Title"Chi sono io?" Narrazione storica e soggettività nella "Camicia bruciata" di Anna Banti
NameDelogu, Lucy (author), Baldi, Andrea (chair), Marsh, David (internal member), S. White, Laura (internal member), Pell, Gregory (outside member), Rutgers University, Graduate School - New Brunswick,
Banti, Anna--Criticism and interpretation,
Banti, Anna.--Camicia bruciata
DescriptionWidely published and read in her day, the novelistic production of twentieth-century writer Anna Banti, a pseudonym for Lucia Lopresti (1895-1985), has today been largely forgotten by the public as well as by the literary establishment. In my thesis I address this lacuna in the Italian literary canon by showing how Anna Banti contributed to the creation of a female literary tradition as well as to the renewal of Italian literature from stylistic and thematic points of view. My study examines Banti’s contribution from a dual perspective: as a promoter of female individuality and independence in contrast to the existent paternal order, and as an innovator of the Italian novel, in particular, the historical Italian novel. I have chosen to concentrate my analysis on the historical novel La camicia bruciata, published in 1973. In the Introduction I provide a historical and cultural overview of Italian society from the end of the nineteen-century through most of the twentieth century. I pay particular attention to women’s status in society, and to attitudes of the establishment towards women and women writers. In Chapter One I discuss Banti’s personal experience as a woman writer, examining the style and approach that characterized her narrative production. In Chapter Two I examine how Banti stresses the subject of sexual differences in her novels and prose, and how she creates strong female characters who are able to pursue their artistic careers. I also analyze her personal view of maternity, which she sees as an obstacle to women’s artistic expectations. I show how Banti can be considered a modern feminist, even if she has always refused such a label. In Chapter Three I examine the structure of the historical novel La camicia bruciata: I discuss the main characters and the themes of marriage and motherhood. In Chapter Four I examine the difference between the fictional story created by Anna Banti and the historical facts narrated in The House of Medici by Sir Christopher Hibbert and The Last Medici by Harold Acton. The purpose of this analysis is to show how Banti’s personal experience leads her to rearrange historical data so as to give shape and form to her narrative and characters.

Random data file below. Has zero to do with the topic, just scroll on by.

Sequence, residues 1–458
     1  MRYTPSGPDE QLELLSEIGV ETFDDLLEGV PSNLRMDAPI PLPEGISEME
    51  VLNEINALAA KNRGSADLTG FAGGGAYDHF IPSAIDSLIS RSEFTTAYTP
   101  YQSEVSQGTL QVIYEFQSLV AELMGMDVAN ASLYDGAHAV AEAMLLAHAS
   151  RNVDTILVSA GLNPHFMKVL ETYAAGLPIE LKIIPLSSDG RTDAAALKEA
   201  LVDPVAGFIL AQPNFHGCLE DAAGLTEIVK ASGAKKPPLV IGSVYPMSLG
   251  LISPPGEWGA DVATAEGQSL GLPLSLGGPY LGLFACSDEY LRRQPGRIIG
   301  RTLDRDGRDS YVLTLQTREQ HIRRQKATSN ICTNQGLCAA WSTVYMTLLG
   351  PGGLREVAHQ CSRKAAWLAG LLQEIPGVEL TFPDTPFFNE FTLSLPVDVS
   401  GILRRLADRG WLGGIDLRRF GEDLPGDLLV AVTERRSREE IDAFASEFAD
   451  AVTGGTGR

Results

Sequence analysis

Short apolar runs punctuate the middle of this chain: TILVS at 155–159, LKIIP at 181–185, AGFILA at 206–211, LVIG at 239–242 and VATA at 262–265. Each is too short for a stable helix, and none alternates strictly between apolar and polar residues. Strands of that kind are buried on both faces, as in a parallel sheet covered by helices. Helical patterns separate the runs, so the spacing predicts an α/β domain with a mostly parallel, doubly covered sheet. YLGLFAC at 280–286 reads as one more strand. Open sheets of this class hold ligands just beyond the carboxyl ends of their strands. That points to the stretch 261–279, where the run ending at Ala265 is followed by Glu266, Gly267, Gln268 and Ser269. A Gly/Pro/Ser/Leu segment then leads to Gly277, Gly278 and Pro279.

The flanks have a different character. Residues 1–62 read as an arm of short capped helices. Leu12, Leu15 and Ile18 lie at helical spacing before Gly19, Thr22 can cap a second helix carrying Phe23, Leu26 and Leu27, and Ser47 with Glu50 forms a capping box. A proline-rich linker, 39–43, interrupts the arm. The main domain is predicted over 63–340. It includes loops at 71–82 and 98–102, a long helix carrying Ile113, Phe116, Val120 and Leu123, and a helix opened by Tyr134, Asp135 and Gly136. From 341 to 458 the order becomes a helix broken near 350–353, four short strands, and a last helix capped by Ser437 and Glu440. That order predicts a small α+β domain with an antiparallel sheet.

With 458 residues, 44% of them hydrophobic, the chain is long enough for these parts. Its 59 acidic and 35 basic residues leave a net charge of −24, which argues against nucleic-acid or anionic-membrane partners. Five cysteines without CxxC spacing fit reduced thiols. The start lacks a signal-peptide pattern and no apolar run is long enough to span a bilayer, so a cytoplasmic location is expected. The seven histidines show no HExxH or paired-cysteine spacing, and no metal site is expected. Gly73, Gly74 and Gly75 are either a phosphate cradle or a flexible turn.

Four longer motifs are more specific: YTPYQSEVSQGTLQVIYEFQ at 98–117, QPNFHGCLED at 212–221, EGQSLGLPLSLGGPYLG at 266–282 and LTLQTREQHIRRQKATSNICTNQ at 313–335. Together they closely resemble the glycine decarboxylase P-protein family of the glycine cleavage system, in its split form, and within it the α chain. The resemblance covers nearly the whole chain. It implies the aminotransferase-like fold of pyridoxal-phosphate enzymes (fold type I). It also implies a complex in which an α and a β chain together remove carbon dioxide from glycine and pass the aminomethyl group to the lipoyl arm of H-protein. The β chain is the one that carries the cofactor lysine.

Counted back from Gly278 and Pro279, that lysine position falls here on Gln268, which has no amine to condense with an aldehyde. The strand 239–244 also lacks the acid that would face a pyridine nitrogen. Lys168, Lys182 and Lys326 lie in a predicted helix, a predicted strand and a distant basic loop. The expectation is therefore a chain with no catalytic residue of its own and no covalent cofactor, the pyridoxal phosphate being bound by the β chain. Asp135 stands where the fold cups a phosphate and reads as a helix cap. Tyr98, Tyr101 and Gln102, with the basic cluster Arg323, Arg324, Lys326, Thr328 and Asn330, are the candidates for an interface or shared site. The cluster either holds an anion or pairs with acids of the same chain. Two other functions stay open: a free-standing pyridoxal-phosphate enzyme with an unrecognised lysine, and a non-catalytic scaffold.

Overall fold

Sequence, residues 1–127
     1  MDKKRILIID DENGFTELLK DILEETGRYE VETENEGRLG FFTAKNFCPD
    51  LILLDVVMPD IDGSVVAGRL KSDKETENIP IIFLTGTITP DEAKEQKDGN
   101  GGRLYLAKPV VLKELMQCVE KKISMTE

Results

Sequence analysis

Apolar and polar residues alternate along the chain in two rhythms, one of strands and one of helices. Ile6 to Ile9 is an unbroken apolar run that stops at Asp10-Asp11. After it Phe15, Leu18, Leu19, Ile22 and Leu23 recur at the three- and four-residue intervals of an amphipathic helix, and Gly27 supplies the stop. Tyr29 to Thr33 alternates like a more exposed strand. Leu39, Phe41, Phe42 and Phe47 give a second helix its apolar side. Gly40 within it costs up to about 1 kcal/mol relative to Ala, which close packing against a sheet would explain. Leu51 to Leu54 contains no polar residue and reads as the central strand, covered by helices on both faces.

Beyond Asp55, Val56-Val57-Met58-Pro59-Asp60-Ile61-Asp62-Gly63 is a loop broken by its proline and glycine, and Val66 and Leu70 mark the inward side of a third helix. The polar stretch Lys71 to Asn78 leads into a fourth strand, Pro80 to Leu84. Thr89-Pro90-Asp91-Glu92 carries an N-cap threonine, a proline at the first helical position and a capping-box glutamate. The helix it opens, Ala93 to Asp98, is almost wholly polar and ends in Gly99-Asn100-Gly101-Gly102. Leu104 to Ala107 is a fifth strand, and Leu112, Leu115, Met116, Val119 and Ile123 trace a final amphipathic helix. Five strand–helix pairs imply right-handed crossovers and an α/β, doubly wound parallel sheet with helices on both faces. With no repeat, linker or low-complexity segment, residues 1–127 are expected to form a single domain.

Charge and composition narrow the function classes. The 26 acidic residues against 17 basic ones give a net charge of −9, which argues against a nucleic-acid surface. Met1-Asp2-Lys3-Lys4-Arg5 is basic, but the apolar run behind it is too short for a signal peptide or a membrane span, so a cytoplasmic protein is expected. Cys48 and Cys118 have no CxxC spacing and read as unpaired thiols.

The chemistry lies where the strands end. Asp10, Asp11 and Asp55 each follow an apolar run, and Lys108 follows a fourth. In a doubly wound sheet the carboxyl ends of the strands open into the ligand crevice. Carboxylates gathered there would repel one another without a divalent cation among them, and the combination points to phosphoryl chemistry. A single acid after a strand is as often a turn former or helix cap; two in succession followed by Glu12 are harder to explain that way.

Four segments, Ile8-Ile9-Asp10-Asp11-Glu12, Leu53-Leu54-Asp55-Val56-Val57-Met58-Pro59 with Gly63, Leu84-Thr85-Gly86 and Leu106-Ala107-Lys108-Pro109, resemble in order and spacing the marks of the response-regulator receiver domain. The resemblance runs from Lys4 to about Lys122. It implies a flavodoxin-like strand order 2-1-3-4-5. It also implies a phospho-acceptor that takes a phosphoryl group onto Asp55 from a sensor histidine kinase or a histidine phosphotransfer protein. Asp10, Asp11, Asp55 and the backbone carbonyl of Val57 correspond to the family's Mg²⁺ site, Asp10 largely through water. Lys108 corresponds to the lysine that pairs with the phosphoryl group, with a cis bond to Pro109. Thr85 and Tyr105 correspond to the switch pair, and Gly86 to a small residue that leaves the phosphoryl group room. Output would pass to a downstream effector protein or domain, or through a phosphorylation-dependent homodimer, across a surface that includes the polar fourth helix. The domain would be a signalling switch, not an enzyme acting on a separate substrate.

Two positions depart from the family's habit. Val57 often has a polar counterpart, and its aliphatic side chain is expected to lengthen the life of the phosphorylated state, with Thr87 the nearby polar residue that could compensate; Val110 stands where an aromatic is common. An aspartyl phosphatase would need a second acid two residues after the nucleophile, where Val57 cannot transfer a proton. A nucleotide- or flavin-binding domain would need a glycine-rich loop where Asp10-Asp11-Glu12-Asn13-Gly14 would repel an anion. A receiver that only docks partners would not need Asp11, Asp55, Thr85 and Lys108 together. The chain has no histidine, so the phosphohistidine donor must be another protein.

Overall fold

NoteIncludes bibliographical references
NoteAbstract in English, text in Italian
Noteby Lucy Delogu
CollectionGraduate School - New Brunswick Electronic Theses and Dissertations
Organization NameRutgers, The State University of New Jersey
RightsThe author owns the copyright to this work.